More of the tour of the Catskill Animal Sanctuary, with some facts about factory farms thrown in here and there, because that information is very much a part of the tour.
The Canada Geese know a good thing when they see it. They’re staying on the grounds for a while.
Do you see that black duck on the pond? He was rescued from someone who was going to use him as ‘bait’ in dog-fight training. On every level, that is horrific.
These pigs were rescued as a group. Even thought they’re grown, the staff still calls them the piglets.
I’m sure you know this, but pigs are highly intelligent. And they know when they are in danger and when they’re about to be killed. Lesley told us a story about a man who was a farmer and raised pigs. He thought he was being humane by taking the pigs in one at a time to be slaughtered, not as a group where they could see what was happening. But over time, he realized the remaining pigs were stressed and anxious. They knew what was going on. They couldn’t relax. They didn’t feel safe. He had an epiphany and became a vegetable farmer instead and an advocate for animals.
Look at this blissful face. They love and need affection.
This is Jasmine. She is one of the first pigs we met. I fell in love with her. Lesley told us to go ahead and scratch and pet her because Jasmine would immediately lie down so her tummy could be scratched.
Look at that face! She was in heaven. This pig filled my heart up. I called her Blissful Jasmine.
Nadine, resting in the barn. They make nests in the straw for their beds.
This is handsome Reggie. This particular pen had very large pigs. When we asked Lesley about them, she explained that some breeders have genetically engineered pigs that grow very large, very fast. Why? So they get more meat that much faster. Besides the obvious, what this does to the pigs is not good. They are much bigger than they should be. They develop joint problems and general health problems. It’s hard for some of them to get around. And, of course, even if rescued, those modifications shorten their life span.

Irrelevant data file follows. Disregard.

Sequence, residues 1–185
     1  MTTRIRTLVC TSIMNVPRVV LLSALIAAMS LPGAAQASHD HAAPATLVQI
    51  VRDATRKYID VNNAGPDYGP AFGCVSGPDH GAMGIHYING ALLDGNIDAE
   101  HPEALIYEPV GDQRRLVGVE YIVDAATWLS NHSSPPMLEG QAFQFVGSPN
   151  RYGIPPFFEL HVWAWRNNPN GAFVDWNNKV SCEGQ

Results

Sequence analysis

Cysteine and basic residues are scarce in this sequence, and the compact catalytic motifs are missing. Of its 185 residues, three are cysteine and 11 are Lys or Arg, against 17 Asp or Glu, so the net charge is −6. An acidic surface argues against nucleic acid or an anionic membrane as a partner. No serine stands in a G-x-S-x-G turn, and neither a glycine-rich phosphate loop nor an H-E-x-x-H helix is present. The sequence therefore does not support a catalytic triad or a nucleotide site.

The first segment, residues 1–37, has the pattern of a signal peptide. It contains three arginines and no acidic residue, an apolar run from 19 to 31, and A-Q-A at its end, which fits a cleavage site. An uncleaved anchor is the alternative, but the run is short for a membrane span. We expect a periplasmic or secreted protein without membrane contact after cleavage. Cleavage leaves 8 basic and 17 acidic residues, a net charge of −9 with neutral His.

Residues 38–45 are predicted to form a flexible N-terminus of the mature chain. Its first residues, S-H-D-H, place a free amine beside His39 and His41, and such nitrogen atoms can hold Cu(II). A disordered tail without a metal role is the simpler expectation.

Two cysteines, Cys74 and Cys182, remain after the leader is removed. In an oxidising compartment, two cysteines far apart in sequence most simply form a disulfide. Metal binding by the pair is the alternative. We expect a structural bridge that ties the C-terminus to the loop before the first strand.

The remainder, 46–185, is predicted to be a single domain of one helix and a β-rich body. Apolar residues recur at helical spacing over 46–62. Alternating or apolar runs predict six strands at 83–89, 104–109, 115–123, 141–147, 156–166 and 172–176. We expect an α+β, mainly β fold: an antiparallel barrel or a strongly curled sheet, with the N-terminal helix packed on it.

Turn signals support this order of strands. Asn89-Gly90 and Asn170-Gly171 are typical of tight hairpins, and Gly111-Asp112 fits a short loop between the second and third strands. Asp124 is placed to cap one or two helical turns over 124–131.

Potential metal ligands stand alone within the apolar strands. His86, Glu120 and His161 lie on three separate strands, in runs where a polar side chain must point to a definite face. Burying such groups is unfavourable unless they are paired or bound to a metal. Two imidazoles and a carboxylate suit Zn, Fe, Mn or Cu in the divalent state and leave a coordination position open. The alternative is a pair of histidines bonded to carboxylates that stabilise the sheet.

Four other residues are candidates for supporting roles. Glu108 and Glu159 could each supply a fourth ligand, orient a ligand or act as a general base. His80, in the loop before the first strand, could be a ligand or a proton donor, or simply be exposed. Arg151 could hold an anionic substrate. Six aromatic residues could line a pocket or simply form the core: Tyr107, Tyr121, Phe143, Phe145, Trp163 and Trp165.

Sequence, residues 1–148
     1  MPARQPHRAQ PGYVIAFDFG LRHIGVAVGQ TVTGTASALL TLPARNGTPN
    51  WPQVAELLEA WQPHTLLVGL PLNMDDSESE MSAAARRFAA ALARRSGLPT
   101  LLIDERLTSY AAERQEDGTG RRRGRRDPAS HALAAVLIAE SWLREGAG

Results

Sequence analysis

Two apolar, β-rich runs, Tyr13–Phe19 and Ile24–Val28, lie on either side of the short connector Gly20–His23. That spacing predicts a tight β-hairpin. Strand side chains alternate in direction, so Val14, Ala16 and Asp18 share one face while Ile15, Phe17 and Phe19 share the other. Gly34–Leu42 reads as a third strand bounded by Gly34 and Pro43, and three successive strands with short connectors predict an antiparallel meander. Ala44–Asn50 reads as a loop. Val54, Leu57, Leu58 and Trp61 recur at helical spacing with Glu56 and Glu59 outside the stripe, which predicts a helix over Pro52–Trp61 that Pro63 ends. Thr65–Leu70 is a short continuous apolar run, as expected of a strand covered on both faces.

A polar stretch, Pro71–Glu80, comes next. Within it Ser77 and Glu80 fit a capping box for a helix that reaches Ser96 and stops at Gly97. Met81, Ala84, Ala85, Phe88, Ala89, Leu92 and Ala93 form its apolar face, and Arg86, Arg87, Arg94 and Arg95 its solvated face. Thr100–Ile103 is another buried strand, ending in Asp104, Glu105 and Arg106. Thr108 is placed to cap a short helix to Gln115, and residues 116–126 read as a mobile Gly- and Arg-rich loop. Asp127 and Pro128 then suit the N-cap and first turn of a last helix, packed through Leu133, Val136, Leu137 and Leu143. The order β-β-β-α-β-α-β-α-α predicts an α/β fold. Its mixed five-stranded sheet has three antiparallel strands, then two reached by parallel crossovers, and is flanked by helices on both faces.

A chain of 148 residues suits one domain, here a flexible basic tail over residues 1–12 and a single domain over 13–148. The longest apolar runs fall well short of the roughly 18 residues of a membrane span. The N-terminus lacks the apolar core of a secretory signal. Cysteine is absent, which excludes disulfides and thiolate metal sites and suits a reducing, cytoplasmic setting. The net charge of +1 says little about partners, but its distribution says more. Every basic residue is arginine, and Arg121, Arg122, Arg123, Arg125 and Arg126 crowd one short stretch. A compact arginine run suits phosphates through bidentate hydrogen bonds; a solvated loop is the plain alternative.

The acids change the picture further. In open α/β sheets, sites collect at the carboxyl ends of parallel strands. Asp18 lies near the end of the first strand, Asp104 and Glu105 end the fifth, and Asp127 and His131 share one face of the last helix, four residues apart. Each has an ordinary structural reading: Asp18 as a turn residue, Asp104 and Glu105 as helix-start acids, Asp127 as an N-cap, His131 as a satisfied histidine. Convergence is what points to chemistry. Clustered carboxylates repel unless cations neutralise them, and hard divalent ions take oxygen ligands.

One of the staff members was tossing pumpkins in the pens for the pigs. They love them, so they’re a special treat.
There are horses everywhere. In another paddock that we saw off in the distance, there are several blind horses.
These guys were hungry, it was almost dinner time.
What a beauty! (And I’m referring to the horse.)
Don and this beauty. The bandage is there because they can develop (I can’t remember the name of it) a condition from standing so much. She was limping a bit, but she’ll get better.
I haven’t had turkey in years. Meeting these lovelies makes me glad I made that decision.
Jesse and Amos. They’re huge. And gentle. They were rescued from a former petting zoo of sorts called the Catskill Game Farm. The farm closed several years ago. And, as often happens, when they closed they had to get rid of their animals, animals that had only known the farm as their home. They auctioned them off. The Sanctuary was able to rescue some of the animals, including these two.
Lesley (our tour guide) and Jesse.
They’re beautiful, aren’t they?
The dairy industry (factory farming) routinely takes calves away from their mothers almost immediately. The mothers cry out for them. The aim is to keep the mothers pregnant and supplying milk, according to Lesley. So the mothers live a life of constant pregnancy and never knowing and raising their babies. The calves (male) are raised in narrow pens and then are killed for veal. The females are raised to eventually go through the same cycle of pregnancy and milk providing as their mothers.
No lecture here, just facts.
The same thing happens with goats. Baby goats are taken away from their mothers almost immediately, for the same reason.
Handsome Amos. We were asked to guess his weight and I guessed 1500 pounds. I was right.
When allowed to live a peaceful non-factory farmed animal life, these animals can live 20 – 25 years.
Both Jesse and Amos licked my hands. They were so gentle.
Truly, I could gaze into those eyes for hours.
I’m in love.
There are so many more animals on the grounds that have been rescued and live the life of peace and love they deserve. Catskill Animal Sanctuary not only rescues animals, they are also educators. About them, from their website:
“Nonhuman animals have a right to live their lives free of suffering and exploitation of humans. Catskill Animal Sanctuary exists to provide them with love and safety until they do. The Sanctuary is a 110-acre refuge in New York’s Hudson Valley for eleven species of farmed animals rescued from cruelty, neglect and abandonment. Thanks to the generosity of people like you, over 4,000 animals have been rescued since 2001. Between 250 and 350 residents call the Sanctuary home at any given time.
We believe that looking an animal in the eye and seeing someone – not something – looking back is one of the most profound shifts human beings can make in their understanding of the world and their place in it.”
And from their mission statement:
“Catskill Animal Sanctuary rescues farmed animals, ignites social change to end their exploitation, and champions vegan living.”
You can learn more on their website, Catskill Animal Sanctuary.
Hope you enjoyed the tour!